Originally published in 1999 The Foremother Figure in Early Black Women's Literature looks at how stereotypical foremother figure exists in nineteenth century American literature. The book argues that older black woman portrayed in early black women’s works differs significantly from the older black women portrayed in early white women’s works. The foremother figure, then emerging in early black women’s fiction revises the stereotypical mother figure in early white women’s fiction. In the context of the mulatta heroine the foremother produces minimal language that, through an Afrocentric rhetoric, distinguishes her from the stereotypical mother and thus links her peripheral role and unusual behaviour to cultural continuity and radical uplift.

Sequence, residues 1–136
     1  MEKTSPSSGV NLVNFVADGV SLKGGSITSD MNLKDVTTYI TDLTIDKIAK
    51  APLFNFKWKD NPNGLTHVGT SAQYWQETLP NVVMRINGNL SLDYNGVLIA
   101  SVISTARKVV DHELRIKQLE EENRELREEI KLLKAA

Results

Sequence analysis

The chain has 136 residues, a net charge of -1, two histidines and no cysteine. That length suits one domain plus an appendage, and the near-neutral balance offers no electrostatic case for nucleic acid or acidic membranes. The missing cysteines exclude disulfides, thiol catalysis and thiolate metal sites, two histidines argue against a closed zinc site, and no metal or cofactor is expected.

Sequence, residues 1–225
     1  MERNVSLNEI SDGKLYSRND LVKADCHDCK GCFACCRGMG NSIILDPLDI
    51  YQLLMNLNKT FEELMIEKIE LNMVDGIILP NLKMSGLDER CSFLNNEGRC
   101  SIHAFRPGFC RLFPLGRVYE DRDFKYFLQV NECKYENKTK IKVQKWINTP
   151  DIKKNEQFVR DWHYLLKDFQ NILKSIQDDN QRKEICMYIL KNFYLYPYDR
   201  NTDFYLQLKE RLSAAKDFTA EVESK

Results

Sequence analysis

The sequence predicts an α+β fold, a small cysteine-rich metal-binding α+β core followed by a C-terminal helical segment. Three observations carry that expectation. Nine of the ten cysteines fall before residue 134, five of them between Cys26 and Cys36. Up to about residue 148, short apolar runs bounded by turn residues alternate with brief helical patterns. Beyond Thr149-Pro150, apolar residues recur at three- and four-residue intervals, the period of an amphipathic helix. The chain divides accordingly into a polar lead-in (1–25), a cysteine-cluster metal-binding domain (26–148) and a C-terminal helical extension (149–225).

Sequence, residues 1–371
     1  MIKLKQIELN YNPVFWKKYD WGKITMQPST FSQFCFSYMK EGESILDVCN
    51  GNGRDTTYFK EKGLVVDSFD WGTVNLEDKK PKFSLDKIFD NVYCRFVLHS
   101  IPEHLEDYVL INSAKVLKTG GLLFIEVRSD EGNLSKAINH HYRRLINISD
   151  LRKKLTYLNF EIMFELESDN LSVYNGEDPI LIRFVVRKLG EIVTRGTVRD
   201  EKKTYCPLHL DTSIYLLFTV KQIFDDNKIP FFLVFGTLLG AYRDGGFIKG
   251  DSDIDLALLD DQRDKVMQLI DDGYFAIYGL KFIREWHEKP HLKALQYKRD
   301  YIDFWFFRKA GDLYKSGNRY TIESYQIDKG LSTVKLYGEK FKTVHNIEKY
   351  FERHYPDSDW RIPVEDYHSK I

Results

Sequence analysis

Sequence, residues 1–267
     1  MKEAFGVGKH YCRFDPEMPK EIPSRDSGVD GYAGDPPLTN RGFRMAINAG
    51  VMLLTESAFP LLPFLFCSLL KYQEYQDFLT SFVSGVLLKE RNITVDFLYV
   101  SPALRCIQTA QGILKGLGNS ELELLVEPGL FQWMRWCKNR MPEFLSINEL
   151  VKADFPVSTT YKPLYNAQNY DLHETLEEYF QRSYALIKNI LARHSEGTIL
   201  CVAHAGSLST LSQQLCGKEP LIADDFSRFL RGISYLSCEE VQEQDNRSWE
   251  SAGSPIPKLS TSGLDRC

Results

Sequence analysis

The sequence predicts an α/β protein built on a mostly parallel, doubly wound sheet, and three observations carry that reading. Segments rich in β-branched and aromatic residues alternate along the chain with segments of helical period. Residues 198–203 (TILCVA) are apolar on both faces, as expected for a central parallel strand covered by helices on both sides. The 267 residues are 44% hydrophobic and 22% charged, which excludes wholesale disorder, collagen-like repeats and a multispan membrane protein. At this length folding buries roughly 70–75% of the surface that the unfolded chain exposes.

Table of Contents
2. The Mammy in Early White Female Writers: Harriet Beecher Stowe, Caroline Lee Hentz, and Kate Chopin
3. Rhetoric of Freedom: Jacob’s Incidents in the Life of a Slave Girl Written by Herself
4. Grandmothers, Mothers, and Acquaintances: The Novels of Frances E.W. Harper
5. Aunt Henny and Aunt Hannah in the Novels of Pauline Hopkins
6. Finding the Foremother in Fauset
7. Conclusion: The Legacy of the Foremother